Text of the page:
The Strokes of a Man

How does one sum up their life? For Nukain, the aging farm laborer in Athol Fugard’s new play, The Painted Rocks at Revolver Creek, the only way he knows how is to express it through paint.

Athol Fugard not only writes this beautiful piece but directs as well and the results are stunning. Played by a beautiful cast of four on a compelling set, the story begins out in the Mpumalanga Province in 1981 South Africa during the throes of apartheid and finishes in 2003 in the second act.

The piece is extremely moving with moments of great, transfixing beauty juxtaposed against the harsh reality of the rift between the races involved during the time period. In its intimacy it hits a symbolic chord of magnitude that illuminates the complex and seemingly impossible-to-resolve conflict that is the history of South Africa.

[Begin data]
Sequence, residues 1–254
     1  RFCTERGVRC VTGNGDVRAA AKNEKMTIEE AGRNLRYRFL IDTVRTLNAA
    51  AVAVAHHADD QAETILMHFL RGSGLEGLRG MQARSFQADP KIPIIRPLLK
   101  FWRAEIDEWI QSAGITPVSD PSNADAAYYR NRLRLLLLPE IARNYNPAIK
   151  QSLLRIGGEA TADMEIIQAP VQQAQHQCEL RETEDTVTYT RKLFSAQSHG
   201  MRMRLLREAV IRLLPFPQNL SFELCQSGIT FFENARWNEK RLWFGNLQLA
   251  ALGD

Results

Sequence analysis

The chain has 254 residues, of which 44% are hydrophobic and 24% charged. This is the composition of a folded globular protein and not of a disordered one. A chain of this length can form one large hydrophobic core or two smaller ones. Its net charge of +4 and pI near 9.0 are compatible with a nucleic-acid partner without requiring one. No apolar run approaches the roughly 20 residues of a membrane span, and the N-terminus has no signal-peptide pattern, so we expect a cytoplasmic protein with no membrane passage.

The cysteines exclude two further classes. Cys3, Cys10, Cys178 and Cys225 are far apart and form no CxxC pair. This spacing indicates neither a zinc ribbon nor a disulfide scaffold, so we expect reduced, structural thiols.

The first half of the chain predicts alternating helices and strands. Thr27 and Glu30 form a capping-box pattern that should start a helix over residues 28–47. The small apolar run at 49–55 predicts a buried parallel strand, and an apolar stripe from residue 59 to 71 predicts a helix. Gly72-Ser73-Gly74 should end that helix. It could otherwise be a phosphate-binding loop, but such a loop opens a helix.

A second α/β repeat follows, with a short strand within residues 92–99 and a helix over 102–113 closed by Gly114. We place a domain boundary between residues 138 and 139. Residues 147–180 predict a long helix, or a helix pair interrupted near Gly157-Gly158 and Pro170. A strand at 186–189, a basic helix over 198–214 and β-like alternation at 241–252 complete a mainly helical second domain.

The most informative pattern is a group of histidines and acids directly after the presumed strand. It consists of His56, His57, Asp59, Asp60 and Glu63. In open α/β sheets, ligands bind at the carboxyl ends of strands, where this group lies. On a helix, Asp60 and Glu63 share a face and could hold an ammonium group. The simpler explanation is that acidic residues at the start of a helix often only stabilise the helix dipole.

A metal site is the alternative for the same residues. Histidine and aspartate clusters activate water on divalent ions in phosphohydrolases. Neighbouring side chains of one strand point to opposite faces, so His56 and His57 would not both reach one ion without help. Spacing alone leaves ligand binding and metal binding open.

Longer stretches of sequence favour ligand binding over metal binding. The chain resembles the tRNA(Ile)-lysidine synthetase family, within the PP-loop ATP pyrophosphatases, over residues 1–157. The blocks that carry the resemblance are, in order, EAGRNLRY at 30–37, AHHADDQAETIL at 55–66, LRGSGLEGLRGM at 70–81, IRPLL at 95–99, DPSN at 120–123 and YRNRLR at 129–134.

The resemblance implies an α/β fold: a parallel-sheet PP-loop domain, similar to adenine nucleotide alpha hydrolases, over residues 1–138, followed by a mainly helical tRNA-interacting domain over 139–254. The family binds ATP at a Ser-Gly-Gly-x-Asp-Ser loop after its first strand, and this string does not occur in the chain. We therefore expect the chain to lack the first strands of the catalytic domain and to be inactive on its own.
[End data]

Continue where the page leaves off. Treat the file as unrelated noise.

A meeting of the minds is not always on the same track but through diligent attempts to understand and compassion for each other the characters resolve themselves with a glimmer of hope and a restoration of the understanding and acknowledgement of human dignity.

Once again, art and its expression proves a bridge between what was wrong and how it can be righted.

The Painted Rocks at Revolver Creek runs though June 14 at Signature Theatre.